A Year in Review

So, every good 90’s sitcom had the episode about the parents rushing around the night before Christmas because, oh no, someone forgot to buy Christmas presents and the relatives are coming tomorrow/kid’s toy is hard to get/we need to work in the Gift of the Magi somehow because Christmas. I always rolled my eyes at these episodes (though of course I watched them. I wasn’t going to miss an episode of Family Matters or Step by Step). Who waits that long? What a thin plot line, I mused.

Oh, hey karma, it’s me. Rachel. Just hanging out, completely unprepared for the holiday season.

Still, looking back on the year I think this procrastination is just trying to squish too much into too small of a space, so I’ll give myself a pass and thank God that my son didn’t want a Hatchimal.

Instead of decking the halls, here’s my 2016 wrap-up:


Books read: 98 (though I’m angling for the full hundred before the 31st… have a few in progress)

Favorite Authors Discovered and immediately Binged: Rainbow Rowell, Octavia Butler,  Curtis Sittenfeld, Leigh Bardugo, V.E. Schwab, Lisa Lee

Books that Made Me Ugly Cry: Sister of My Heart (Divakaruni), A Man Called Ove (Backman), The Underground Railroad (Whitehead), Harmony (Parkhurst), The Darkest Child (Phillips)

Longest Book: Infinite Jest (Foster Wallace)

Books I Couldn’t Put Down: Underground Airlines (Winters), The Book of the Unnamed Midwife (Elison), A World Without You (Revis),  IQ (Ide)

Books of Poetry: Three

Books of Feminist Essays: Five

Best Non-fiction: Musicophilia (Sacks) or Without You, There is No Us (Kim)

Best friends acquired from reading this year: numerous, via Litsy

Favorite Reads of the Year: Where’d You Go, Bernadette? by Maria Semple and Kitchens of the Great Midwest by J. Ryan Stradal


Pieces accepted for publication: 5

Political think-pieces started and then discarded immediately in a rush of angry tears: at least 2

McSweeney’s rejections: oh God, a lot.

Novels completed: one

Novels re-vamped: also one

Queries sent: enough

Agents acquired: one! As of just last week!


TV Series Binged: Last Week TonightCurb Your Enthusiasm, The Office (again), VEEP (again), The West Wing (currently in progress because once, a long time ago, there was optimism in politics)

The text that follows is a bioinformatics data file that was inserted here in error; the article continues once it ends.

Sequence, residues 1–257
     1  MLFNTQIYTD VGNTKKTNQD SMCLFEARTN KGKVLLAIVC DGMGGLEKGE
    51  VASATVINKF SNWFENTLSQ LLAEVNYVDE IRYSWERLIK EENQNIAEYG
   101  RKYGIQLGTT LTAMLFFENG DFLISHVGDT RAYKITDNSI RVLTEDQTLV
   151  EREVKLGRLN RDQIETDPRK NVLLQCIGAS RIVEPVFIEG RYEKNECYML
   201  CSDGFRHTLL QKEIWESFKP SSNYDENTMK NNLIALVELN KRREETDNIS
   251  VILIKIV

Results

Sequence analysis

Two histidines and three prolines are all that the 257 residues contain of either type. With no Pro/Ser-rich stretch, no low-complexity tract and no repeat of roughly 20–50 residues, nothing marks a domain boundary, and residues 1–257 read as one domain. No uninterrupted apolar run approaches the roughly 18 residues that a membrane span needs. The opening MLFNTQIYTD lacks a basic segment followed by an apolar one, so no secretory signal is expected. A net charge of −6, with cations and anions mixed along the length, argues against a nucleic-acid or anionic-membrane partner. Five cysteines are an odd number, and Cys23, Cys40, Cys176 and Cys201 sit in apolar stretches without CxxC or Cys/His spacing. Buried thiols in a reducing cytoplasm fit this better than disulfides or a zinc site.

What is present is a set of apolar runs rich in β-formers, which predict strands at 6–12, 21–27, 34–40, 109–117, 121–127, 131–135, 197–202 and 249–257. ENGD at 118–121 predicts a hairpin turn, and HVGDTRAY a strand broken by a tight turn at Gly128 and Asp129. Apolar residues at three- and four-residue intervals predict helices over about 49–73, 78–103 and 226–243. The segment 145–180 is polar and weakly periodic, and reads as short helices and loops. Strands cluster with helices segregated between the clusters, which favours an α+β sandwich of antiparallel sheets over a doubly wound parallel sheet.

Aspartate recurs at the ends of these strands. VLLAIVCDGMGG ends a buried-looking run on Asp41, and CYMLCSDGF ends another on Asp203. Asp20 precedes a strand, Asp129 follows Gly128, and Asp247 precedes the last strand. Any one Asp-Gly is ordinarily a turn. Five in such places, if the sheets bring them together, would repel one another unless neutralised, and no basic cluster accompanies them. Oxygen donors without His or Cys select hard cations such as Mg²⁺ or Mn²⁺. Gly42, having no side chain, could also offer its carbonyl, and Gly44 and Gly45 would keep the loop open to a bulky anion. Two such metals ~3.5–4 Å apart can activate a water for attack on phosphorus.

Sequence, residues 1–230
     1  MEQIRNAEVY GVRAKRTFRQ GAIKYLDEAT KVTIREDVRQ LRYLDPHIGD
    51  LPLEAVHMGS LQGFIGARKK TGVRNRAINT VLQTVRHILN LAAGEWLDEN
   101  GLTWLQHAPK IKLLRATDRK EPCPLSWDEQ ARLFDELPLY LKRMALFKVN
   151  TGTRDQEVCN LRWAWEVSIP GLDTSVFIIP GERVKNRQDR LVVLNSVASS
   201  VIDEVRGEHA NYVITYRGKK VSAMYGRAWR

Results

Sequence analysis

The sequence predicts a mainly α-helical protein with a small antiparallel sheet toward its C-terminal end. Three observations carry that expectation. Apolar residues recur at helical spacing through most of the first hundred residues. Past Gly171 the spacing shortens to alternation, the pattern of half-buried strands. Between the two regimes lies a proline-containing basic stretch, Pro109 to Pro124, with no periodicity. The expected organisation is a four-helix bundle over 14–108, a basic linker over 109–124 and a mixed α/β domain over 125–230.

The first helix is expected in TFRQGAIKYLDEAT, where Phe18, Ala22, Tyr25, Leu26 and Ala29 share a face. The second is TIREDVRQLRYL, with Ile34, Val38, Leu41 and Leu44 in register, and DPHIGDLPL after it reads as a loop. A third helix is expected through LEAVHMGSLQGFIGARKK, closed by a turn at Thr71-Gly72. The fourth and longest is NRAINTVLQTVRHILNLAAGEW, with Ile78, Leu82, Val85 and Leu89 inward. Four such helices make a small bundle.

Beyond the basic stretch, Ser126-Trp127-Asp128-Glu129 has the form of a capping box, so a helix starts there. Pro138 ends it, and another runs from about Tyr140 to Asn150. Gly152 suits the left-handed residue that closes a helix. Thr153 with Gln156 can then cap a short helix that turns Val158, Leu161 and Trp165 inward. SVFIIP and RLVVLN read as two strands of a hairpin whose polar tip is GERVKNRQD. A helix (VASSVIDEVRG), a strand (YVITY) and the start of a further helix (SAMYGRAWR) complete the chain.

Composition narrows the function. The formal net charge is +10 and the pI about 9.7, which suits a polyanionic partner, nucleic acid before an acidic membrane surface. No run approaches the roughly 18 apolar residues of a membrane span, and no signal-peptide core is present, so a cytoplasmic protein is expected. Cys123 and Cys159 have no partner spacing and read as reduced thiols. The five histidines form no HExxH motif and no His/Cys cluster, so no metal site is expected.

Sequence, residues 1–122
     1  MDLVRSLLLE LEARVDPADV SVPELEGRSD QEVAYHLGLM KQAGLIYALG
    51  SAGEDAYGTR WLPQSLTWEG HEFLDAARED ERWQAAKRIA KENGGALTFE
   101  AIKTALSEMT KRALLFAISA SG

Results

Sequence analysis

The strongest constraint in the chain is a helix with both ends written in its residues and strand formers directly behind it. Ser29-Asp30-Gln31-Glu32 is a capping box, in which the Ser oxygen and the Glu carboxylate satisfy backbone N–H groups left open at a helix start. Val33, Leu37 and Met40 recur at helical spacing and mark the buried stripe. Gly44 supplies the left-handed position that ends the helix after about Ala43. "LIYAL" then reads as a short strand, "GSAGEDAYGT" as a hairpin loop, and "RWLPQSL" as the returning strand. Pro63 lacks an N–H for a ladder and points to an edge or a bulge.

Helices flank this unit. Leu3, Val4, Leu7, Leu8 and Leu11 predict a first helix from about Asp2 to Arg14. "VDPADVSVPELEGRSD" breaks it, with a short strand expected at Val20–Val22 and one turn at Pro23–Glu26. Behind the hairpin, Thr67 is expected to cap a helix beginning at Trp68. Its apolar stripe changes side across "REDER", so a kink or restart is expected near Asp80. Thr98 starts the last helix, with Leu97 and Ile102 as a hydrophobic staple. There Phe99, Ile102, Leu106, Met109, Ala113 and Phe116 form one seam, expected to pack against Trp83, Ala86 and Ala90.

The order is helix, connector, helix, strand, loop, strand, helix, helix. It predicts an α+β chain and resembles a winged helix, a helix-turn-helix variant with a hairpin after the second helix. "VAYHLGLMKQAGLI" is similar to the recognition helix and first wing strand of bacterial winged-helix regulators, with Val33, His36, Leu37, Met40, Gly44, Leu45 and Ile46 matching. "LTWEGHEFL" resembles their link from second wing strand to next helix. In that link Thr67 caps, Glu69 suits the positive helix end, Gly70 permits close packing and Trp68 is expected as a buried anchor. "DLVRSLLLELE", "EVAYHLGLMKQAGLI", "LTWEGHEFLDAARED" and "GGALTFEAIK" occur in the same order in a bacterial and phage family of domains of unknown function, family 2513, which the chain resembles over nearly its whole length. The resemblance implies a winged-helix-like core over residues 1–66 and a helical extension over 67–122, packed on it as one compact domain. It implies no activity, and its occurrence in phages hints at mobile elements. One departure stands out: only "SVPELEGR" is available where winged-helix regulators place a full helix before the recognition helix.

Forts made in the living room: at least five, and some of them were pretty good

Episodes of Curious George watched: probably only ten to fifteen, but it’s really a question of repetition of those ten to fifteen.

Oceans I’ve dipped my toe into: one

Times a cashier has caught me singing along to the song over the speakers at the grocery store: one

Political elections that I never want to talk about again: one

Years ahead that I’m nervous for, but can’t help but hold the slightest amount of hope for as well: one

Love to all of you during the darkest days of the year, and many blessings for the year ahead.

Six Ways to Celebrate Social Media


Social media is half most people’s social lives. 65% of Americans use social media in 2015 versus just 7% ten years ago.  Likes, followers, retweets, and blog entries are so important to us that it’s easy to take them for granted. National Social Media day is June 30, so here are six ways to celebrate that crazy, duck-faced, trending world we live in:

  • Post a selfie of yourself on social media, using social media

Totally meta, like one of those looking at yourself in a mirror while looking in a mirror, things.

  • Boost a new social media platform

Join and post about a breakout app that’s connecting people. Get at least one friend to join and review it on the app store. This is how new platforms get traction!

My recent favorite is Litsy– a hybrid of Instagram and Goodreads. It’s fab.

  • Write an obit for your favorite social media outlet that’s passed on.

Xanga, we hardly knew ye.

  • Do a social media fast.

Going without something makes you realize how much space it takes up in your life. Warning: one day without Twitter, Facebook, SnapChat, and Instagram might just be eye-opening for you, but warn your friends you’re doing it or they might think you’ve been kidnapped.

  • Follow someone with completely different views than you.

It’s so easy to live in a social media bubble. For one day, follow someone who takes the opposite view in politics, likes that musician you hate, or just panned that restaurant that you eat at four times a week.

  • Post to your social media followers how much you adore them.

Only the best gifs will work for today, so bring your A game.